Ed Marinaro Net Worth

April 18, 2024
2 mins read

Edward Francis Marinaro was born on the 31st March 1950, in New York City, USA, and is a former professional American Football player, who played as a running back in the NFL for the Minnesota Vikings (1972–1975), New York Jets (1976), and Seattle Seahawks (1977). Marinaro is also an actor, best known for appearing is such TV series as “Hill Street Blues” (1981-1987), “Sisters” (1991-1994), and “Blue Mountain State” (2010-2011). His football career started in 1972 and ended in 1977, while his acting career began in 1978.

Have you ever wondered how rich Ed Marinaro is, as of early 2017? According to authoritative sources, it has been estimated that Marinaro’s net worth is as high as $3 million, an amount earned through his dual successful careers in football and acting.


Ed Marinaro Net Worth $3 Million


Ed Marinaro grew up in New York and New Jersey, where he went to New Milford High School and played high school football for the Knights there. He was quite successful at the college level, playing as a running back at Cornell University and setting 16 NCAA records, including the first to set 4000 rushing yards. Ed almost won the Heisman Award in 1971 but ended as a runner-up behind Pat Sullivan. However, he did win the 1971 Maxwell Award and the UPI College Football Player of the Year. He was a member of Psi Upsilon and of the Sphinx Head Society while at Cornell. In 1991, Marinaro was inducted into the College Football Hall of Fame.

The Minnesota Vikings selected Marinaro as the 50th pick overall in the 1972 NFL Draft, and he spent the next four seasons with them before played in the New York Jets in 1976, and Seattle Seahawks, where he ended his playing career in 1977. During his six seasons in the NFL, Marinaro recorded 1,319 rushing yards and scored six touchdowns, appearing in two losing Super Bowls with the Vikings.

After retiring from professional football, Marinaro became an actor and debuted in James Toback’s “Fingers” (1978) starring Harvey Keitel. From 1980 to 1981, he appeared in 11 episodes of the Golden Globe Award-nominated series “Laverne & Shirley”, and then played Officer Joe Coffey in 104 episodes of the Golden Globe Award-winning “Hill Street Blues” (1981-1986), which increased is net worth by a large margin. By the end of the ‘80s, Ed had played in five episodes of the Golden Globe Award-winning series “Falcon Crest” (1987-1988).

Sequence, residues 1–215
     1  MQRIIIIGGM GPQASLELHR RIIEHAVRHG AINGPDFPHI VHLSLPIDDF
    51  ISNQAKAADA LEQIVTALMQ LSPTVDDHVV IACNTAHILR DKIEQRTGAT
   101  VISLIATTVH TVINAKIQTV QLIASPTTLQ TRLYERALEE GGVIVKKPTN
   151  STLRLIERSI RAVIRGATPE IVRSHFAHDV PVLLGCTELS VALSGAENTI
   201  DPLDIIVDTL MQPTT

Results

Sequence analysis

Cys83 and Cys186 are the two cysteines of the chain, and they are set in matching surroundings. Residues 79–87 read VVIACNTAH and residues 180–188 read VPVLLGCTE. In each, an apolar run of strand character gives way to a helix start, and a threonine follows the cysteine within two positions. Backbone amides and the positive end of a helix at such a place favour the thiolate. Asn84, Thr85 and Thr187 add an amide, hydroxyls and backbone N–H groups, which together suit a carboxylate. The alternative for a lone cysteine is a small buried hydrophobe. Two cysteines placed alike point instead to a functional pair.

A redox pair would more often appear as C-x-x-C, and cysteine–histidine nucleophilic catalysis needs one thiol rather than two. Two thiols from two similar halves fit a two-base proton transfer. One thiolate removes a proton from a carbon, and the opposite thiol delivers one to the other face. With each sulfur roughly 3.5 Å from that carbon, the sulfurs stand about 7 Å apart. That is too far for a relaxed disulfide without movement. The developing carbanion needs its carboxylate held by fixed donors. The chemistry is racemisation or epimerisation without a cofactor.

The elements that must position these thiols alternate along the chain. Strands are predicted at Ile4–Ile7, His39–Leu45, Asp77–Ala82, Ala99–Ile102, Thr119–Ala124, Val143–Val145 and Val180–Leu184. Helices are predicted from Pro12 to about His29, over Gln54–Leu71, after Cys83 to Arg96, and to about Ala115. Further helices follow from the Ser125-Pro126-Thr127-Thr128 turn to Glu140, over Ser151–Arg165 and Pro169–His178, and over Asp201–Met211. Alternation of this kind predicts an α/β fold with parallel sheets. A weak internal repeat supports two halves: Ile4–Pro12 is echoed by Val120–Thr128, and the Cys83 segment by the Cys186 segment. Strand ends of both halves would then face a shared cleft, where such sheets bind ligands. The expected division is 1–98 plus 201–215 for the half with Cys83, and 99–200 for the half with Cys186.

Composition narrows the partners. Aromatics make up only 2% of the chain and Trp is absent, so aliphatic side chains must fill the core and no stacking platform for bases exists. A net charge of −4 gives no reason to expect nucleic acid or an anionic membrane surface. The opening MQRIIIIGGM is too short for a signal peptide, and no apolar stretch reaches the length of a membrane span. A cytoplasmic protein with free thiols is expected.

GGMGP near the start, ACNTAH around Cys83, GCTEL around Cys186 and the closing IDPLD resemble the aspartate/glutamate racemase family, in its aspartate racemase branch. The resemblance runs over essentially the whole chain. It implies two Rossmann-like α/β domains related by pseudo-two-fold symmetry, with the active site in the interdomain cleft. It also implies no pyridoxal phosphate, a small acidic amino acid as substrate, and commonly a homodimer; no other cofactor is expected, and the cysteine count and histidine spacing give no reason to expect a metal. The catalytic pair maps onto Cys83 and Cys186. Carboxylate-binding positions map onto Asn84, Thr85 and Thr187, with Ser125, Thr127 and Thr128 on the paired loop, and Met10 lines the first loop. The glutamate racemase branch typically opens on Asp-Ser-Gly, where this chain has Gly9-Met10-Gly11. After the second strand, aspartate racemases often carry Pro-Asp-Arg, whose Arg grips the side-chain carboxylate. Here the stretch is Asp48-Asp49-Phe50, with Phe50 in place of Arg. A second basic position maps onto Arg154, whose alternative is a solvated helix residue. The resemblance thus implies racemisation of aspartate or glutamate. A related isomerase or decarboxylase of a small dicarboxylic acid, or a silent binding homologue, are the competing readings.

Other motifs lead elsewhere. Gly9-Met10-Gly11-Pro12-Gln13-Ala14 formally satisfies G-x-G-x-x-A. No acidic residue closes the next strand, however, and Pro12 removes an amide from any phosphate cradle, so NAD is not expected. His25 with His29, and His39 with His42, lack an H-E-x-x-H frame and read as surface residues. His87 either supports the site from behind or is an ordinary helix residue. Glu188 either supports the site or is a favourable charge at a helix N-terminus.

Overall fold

In 1991, Marinaro appeared alongside Kevin Bacon, Linda Fiorentino and John Malkovich in “Queens Logic”, before playing Mitchell Margolis in 75 episodes of the Golden Globe Award-nominated “Sisters” (1991-1994). By the end of the decade, Ed had appeared in numerous television movies, including “A Gift of Love: The Daniel Huffman Story” (1999) with Debbie Reynolds and Elden Henson.

He continued to work in TV movies in the 2000s, such as “Avalanche Alley” (2001), “Jane Doe: Til Death Do Us Part” (2005), and “Yeti: Curse of the Snow Demon” (2008), while from 2010 to 2011, Marinaro played football Coach Marty Daniels in 39 episodes of the TV series “Blue Mountain State”. Most recently, Ed has appeared in such movies as “Offer and Compromise” (2016) and “Blue Mountain State: The Rise of Thadland” (2016).

Regarding his personal life, Ed Marinaro married Tracy York in 2001, and has a son with her.

Daniel Wanburg

As the Managing Editor at Net Worth Post, I lead a talented team in delivering compelling content on the lives and achievements of influential figures. With a keen eye for detail and a passion for storytelling, I oversee the production of insightful biographies that resonate with our audience. My role involves not only managing the editorial process but also conducting research, crafting engaging narratives, and ensuring the accuracy and quality of our publications.

At NetWorthPost, we strive to provide our readers with in-depth profiles that offer valuable insights into the worlds of business, entertainment, and beyond. Through meticulous research and captivating storytelling, we bring to light the remarkable journeys and successes of individuals who inspire and captivate us.

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